Tuesday, February 01, 2011

There Are, After All, Sad Clowns?

Charlie Sheen is being lectured by "Dr. Drew" Pinsky - that's right, the guy who profits from a "celebrity rehab" show - that he needs to take rehab seriously. Would that mean going on Dr. Drew's show, so his private disclosures and embarrassing moments, as well as what seems to be a considerable amount of contrived drama, gets broadcast to the nation? ("We have Heidi Fleiss coming on the show... Hey, who's her ex-boyfriend who was convicted of domestic violence - Tom Sizemore. Let's get him, also. Oh, and he has a drug-using girlfriend - can we sign her up, mid-season?")

My initial reaction was, "That's like being lectured on seriousness by a clown," but then (as the subject indicates) I remembered that there are sad clowns.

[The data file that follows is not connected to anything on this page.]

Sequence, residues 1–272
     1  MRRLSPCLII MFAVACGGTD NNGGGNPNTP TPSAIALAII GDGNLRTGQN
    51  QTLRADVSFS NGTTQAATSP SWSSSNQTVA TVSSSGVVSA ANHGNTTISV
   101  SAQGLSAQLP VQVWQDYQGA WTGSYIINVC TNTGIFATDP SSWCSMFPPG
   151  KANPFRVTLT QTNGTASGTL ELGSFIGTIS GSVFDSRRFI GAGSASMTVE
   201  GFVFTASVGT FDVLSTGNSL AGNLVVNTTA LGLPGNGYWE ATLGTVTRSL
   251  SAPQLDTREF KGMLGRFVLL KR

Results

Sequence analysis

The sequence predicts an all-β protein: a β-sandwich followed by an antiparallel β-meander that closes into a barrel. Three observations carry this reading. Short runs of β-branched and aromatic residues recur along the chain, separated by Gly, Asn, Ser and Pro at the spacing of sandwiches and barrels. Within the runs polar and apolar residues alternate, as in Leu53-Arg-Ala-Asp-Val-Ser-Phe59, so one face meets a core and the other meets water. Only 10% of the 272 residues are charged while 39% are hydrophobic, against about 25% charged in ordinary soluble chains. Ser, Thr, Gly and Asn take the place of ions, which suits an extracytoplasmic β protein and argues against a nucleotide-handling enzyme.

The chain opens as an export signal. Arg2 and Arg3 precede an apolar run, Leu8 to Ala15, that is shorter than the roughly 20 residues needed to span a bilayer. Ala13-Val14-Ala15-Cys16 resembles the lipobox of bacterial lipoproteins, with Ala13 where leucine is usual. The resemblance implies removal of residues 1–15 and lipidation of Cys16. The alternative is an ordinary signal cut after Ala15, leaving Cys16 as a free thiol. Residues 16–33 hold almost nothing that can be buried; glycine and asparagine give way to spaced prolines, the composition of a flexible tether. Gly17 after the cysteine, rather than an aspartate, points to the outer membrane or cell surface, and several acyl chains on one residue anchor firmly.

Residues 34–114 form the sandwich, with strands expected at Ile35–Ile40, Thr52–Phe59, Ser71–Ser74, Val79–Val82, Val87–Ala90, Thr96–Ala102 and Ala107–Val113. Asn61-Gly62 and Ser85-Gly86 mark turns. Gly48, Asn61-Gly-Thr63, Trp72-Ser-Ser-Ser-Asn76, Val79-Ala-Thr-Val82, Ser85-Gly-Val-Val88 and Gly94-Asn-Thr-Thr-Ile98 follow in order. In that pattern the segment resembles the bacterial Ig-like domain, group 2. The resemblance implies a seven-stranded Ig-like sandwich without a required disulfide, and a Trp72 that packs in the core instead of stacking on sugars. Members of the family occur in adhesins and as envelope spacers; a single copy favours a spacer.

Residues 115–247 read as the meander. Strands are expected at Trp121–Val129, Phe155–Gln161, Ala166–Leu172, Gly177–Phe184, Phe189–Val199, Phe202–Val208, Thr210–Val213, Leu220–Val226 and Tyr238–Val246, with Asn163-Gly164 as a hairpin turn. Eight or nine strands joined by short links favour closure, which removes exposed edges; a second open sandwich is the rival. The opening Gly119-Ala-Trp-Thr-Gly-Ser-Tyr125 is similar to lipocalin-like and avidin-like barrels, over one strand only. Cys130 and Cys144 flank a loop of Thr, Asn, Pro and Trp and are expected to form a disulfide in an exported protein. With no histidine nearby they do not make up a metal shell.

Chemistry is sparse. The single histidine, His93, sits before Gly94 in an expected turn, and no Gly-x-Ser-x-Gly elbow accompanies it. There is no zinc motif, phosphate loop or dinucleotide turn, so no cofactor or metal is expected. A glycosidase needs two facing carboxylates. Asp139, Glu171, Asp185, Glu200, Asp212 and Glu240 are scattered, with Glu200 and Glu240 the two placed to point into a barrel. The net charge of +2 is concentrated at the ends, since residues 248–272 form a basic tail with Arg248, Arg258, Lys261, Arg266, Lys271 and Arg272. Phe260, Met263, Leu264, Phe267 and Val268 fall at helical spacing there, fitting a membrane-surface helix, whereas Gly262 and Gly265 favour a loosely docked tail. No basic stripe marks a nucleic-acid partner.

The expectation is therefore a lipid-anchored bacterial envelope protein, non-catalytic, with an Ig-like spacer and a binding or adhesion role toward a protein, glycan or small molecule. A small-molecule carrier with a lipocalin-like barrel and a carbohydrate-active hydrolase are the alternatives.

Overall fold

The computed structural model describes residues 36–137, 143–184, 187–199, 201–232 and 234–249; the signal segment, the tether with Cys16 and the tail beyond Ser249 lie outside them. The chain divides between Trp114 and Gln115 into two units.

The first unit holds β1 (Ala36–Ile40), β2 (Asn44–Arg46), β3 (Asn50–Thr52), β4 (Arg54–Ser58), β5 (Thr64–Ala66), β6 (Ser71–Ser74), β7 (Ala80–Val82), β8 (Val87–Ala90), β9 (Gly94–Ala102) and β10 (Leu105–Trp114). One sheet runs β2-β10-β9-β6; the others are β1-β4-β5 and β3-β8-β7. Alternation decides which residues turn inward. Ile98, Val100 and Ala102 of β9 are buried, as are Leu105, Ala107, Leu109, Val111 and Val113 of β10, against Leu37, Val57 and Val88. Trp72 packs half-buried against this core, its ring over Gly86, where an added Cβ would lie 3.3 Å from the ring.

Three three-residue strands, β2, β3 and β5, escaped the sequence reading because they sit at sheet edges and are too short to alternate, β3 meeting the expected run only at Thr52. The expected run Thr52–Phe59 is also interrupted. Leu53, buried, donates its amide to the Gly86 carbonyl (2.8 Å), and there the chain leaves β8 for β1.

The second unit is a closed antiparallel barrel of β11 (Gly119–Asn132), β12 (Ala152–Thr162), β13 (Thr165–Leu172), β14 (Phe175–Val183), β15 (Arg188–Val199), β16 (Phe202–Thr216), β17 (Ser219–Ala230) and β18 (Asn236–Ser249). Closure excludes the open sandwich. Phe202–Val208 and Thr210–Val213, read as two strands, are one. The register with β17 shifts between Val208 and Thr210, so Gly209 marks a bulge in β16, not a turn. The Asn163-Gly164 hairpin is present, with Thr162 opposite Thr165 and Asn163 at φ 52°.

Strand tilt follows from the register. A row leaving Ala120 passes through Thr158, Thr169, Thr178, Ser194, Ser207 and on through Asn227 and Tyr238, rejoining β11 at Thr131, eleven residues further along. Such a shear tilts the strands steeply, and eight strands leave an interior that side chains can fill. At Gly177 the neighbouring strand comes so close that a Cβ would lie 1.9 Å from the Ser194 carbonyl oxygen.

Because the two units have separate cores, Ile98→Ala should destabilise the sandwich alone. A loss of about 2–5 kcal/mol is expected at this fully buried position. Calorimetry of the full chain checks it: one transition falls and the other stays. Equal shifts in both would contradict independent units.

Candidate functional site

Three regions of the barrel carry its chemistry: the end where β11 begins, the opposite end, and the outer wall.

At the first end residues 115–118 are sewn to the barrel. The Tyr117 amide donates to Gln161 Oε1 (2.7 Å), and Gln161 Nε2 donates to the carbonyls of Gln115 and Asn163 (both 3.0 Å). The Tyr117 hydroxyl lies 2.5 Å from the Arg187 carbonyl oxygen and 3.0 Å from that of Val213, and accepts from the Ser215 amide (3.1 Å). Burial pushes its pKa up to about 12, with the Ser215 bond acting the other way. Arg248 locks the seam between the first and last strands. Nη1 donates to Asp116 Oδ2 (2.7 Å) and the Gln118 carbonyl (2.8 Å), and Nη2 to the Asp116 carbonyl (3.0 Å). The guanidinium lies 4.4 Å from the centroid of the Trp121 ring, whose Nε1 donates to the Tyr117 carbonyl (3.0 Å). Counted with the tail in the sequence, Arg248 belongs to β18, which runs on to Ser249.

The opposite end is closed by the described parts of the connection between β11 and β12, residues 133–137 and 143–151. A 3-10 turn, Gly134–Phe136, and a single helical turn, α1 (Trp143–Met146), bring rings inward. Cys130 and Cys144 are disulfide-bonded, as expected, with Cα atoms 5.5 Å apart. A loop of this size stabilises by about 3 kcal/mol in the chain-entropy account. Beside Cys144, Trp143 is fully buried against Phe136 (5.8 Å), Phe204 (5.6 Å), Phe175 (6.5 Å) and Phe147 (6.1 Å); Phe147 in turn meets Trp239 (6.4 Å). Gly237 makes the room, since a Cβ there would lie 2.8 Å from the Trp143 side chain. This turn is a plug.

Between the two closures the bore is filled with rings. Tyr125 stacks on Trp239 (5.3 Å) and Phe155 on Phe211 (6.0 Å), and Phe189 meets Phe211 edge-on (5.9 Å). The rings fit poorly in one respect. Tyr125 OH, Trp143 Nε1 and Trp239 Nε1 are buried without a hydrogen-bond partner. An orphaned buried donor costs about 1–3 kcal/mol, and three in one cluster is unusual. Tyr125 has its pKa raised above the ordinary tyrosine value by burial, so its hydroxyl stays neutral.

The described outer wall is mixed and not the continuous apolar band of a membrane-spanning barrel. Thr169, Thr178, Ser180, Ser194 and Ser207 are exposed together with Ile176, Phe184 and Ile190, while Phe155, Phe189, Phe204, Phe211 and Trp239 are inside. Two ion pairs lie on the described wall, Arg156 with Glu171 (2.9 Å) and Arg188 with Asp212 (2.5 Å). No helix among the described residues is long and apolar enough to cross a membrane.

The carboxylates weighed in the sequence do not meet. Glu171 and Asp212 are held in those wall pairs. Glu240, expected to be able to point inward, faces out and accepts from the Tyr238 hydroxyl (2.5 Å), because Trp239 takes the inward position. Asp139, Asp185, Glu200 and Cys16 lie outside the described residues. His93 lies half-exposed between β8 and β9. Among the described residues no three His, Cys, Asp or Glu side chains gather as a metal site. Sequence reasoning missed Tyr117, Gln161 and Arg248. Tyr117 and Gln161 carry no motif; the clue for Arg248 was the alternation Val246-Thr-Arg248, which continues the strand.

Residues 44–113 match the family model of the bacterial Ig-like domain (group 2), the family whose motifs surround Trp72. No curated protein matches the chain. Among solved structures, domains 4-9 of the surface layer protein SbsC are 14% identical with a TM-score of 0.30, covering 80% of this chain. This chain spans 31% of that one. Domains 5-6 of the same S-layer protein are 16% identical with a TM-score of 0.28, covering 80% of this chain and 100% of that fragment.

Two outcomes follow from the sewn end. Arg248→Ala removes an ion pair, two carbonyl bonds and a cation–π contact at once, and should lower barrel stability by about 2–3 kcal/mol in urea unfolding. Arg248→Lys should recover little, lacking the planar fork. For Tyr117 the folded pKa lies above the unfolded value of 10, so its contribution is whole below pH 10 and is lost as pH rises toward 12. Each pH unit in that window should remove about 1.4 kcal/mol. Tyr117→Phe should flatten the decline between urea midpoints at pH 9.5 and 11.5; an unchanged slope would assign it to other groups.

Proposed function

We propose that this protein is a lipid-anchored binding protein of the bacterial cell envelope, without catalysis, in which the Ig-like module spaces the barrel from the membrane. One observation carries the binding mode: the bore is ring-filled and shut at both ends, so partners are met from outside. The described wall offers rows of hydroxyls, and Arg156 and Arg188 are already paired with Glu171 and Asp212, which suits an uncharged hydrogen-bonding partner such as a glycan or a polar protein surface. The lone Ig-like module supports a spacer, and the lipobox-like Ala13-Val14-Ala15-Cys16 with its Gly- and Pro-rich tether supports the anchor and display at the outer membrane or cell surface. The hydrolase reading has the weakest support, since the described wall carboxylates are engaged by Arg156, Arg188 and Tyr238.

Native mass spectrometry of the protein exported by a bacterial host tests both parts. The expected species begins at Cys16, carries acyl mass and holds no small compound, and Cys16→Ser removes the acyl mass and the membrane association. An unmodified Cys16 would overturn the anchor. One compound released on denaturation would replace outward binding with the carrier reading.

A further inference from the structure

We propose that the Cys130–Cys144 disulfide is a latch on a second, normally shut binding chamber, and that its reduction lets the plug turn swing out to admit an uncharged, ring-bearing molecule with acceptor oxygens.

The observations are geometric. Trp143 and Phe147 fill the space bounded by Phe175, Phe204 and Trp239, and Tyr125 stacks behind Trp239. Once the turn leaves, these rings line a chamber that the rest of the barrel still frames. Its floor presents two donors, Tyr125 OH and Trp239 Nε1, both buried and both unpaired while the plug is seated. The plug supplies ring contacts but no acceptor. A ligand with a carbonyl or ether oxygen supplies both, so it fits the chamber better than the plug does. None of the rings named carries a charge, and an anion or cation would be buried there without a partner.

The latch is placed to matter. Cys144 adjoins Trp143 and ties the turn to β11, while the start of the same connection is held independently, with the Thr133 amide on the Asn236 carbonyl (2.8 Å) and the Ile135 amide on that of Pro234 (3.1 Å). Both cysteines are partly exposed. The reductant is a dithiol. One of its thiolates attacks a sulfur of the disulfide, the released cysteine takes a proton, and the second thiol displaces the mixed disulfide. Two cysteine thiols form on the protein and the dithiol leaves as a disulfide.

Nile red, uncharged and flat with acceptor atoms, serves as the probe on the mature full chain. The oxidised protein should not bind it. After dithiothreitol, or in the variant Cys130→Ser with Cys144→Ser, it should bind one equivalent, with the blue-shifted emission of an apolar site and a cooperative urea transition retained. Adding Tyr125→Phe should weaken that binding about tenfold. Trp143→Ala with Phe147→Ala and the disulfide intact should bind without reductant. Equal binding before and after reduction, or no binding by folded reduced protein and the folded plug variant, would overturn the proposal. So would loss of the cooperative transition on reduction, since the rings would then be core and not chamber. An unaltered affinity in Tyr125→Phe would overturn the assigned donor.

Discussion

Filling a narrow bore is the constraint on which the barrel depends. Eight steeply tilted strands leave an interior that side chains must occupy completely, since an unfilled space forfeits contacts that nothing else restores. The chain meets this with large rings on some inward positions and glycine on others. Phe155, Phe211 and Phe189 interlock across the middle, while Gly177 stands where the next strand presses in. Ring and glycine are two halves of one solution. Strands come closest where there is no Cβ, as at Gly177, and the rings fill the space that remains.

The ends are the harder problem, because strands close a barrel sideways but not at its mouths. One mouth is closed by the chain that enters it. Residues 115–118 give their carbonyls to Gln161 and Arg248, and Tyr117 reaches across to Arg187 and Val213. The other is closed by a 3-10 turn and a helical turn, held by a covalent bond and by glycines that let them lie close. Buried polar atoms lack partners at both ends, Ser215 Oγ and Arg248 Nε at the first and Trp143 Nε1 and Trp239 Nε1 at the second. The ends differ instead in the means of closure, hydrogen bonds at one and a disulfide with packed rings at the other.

It's not that I don't think Dr. Pinsky could run a decent drug rehab clinic. It's that I see him as instead choosing to create a public spectacle that puts him in the role of savior, involves stirring up drama for the benefit of the cameras in a context in which turbulence should be minimized and people should feel safe, and using what is ostensibly the medical treatment of patients in his clinic as an opportunity to build his own public image. It's great that Dr. Pinsky admits his own narcissistic tendencies, but not so great to see them play out like this.

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